Hey Audible, don't raise prices and I promise to buy lots more books.
Okay, so maybe, just maybe I understood 10% of this book? No big deal. There was always just enough that I could understand to keep me reading; I mean listening. The voice of the narrator is beautiful. There is enough repetition to actually help one to have some understanding of some rather deep stuff. I'll listen to it again and I think I will understand more. I know I will enjoy it again.
You’re presented with three doors. Behind one door is a car and behind the other two doors are goats. Sound familiar? It is. You pick door number one. Instead of opening your choice, Monty opens door number two and reveals a goat. He then asks you if you wish to keep what’s behind your original choice (door one) or change your mind to door number three. If you think it makes no difference whether you switch or not and that your odds are 50/50 either way, you might be surprised at the answer and enjoy reading this book. If you are surprised by the answer to this ridiculously simple challenge, you’re in for a plethora of awakenings about the assumptions we make of the numbers and statistics we hear in our daily lives.
Peppered with charm and wit; wonderfully read by Sean Pratt, I would highly recommend this title to anyone interested in a history of the development of statistics. Books about numbers are especially not easy ones to listen to but Sean Pratt reads this one at just the right pace and with just the right inflections to make listening to and learning from The Drunkard’s Walk totally accessible. I will often read two or three books at a time. This one, however, was just so captivating, it monopolized my complete attention. But then I’m a nerd and that too might be a requirement for truly enjoying this title.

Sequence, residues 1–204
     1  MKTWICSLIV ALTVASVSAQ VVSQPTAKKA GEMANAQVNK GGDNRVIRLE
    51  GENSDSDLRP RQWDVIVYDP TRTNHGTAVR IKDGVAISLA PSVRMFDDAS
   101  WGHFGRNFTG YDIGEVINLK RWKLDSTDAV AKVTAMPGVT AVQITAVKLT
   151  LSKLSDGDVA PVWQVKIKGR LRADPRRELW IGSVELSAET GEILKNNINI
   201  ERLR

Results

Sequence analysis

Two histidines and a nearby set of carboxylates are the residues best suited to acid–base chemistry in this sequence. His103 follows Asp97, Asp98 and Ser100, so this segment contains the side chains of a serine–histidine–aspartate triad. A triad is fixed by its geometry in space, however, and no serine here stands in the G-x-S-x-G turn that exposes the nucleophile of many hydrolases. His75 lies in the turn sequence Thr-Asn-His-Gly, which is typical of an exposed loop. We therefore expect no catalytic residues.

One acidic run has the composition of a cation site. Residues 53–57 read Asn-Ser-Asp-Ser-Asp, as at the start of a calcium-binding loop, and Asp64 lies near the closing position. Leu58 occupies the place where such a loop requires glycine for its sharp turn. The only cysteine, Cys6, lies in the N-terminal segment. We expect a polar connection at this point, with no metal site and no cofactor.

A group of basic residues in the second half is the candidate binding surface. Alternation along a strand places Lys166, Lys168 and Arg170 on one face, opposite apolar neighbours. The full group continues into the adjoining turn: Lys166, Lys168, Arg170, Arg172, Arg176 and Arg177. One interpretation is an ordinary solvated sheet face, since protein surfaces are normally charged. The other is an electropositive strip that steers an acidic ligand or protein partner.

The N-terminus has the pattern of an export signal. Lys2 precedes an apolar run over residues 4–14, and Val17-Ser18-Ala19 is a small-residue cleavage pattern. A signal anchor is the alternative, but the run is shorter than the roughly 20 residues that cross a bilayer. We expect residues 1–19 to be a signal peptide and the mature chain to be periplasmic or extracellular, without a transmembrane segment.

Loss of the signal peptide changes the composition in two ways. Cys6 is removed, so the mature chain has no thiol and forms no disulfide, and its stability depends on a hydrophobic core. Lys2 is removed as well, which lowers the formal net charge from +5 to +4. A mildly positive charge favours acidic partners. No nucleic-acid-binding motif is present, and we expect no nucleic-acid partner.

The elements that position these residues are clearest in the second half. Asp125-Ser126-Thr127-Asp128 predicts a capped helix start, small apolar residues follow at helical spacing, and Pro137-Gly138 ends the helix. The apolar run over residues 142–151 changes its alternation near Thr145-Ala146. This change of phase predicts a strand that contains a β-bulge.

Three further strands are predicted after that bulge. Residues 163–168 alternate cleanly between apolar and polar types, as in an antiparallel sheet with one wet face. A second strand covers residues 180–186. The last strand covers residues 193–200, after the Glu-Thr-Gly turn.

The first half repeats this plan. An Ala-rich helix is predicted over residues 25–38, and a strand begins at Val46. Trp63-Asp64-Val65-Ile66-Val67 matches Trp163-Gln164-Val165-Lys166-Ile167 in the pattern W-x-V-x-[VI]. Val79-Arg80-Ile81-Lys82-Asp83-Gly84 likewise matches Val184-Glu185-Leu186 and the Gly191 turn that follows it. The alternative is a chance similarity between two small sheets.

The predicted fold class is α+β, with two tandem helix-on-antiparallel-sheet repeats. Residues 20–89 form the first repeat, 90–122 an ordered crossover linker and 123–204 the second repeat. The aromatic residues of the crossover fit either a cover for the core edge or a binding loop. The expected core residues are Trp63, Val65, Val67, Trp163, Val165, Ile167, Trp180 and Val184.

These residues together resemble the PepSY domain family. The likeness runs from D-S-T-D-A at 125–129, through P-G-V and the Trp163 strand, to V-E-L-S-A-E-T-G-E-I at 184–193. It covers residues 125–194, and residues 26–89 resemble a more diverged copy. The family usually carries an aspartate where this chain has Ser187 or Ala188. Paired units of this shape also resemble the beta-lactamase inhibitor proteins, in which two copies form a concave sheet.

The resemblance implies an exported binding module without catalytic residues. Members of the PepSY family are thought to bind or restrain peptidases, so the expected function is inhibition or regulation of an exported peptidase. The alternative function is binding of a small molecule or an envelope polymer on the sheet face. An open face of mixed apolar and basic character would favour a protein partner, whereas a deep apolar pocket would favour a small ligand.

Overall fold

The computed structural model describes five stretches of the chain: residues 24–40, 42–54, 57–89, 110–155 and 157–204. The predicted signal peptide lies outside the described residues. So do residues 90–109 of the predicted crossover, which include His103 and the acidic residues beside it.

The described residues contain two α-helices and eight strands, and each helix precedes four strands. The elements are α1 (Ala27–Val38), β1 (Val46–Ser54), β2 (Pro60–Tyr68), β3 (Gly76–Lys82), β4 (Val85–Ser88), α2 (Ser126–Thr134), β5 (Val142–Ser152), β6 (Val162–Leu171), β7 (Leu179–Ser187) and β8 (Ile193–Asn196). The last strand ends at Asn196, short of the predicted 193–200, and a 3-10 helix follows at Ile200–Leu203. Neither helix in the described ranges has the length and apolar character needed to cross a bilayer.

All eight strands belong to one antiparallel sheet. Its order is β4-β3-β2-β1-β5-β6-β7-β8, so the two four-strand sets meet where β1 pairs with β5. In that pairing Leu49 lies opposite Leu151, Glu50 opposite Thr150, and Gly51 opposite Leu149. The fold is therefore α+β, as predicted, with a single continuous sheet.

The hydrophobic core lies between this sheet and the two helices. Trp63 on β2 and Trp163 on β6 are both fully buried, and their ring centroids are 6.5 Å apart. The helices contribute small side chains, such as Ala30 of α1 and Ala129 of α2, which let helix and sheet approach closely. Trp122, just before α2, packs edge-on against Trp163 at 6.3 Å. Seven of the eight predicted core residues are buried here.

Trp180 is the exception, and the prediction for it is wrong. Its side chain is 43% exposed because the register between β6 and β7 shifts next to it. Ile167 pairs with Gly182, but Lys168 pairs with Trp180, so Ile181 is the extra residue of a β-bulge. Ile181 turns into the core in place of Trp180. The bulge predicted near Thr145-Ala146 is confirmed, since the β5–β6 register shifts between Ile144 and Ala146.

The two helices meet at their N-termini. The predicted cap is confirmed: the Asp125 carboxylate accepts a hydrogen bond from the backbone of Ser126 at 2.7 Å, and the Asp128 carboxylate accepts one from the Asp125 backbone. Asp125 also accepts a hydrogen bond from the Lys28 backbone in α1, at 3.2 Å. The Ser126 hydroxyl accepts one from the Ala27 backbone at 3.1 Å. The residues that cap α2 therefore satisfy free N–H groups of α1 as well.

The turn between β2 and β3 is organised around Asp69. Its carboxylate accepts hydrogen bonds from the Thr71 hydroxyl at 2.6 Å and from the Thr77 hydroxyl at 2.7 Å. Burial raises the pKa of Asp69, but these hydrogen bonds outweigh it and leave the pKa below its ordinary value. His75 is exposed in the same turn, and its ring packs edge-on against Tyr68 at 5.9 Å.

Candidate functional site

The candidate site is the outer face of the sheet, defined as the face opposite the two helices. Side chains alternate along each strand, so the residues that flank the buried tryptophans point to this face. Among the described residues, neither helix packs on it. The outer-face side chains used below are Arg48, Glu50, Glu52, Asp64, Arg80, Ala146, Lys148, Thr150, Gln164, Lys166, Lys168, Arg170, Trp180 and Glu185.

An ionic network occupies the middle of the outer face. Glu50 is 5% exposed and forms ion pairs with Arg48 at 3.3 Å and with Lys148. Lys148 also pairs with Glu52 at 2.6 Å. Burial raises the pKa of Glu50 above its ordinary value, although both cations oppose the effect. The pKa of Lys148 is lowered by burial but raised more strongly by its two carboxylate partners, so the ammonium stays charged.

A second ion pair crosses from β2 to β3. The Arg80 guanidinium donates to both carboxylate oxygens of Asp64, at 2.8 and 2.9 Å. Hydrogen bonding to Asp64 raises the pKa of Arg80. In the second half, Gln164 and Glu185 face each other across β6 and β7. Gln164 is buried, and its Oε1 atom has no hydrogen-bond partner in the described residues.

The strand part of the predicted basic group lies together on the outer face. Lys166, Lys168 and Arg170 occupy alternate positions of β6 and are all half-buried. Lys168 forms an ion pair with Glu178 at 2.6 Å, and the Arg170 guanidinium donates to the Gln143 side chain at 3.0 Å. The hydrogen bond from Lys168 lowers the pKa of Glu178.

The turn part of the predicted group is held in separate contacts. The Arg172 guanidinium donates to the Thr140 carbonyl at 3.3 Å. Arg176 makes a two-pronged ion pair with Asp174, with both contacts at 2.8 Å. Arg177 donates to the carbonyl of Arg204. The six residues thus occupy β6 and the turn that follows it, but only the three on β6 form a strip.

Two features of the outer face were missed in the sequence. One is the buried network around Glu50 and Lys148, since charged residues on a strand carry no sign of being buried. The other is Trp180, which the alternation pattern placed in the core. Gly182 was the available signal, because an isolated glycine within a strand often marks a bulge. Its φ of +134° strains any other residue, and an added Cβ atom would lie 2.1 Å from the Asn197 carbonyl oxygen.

What a great book. It helps to have a background in physics or chemistry to fully appreciate this work. The science aspect is scholarly written and the book's construction made most interesting by the story-telling. Having a copy of the periodic table is helpful. I listened to this on my iPhone and quite handily had a free periodic table app available to refer to during the listening. It made the digesting of this work more meaningful and helped to more fully appreciate the beauty and elegance of the periodic table itself.
Max Tegmark does a great job of explaining complex physics and mathematical concepts in simple language. Anyone who finds this kind of subject matter interesting will appreciate his hypothesis. Rob Shapiro narrated the book superbly.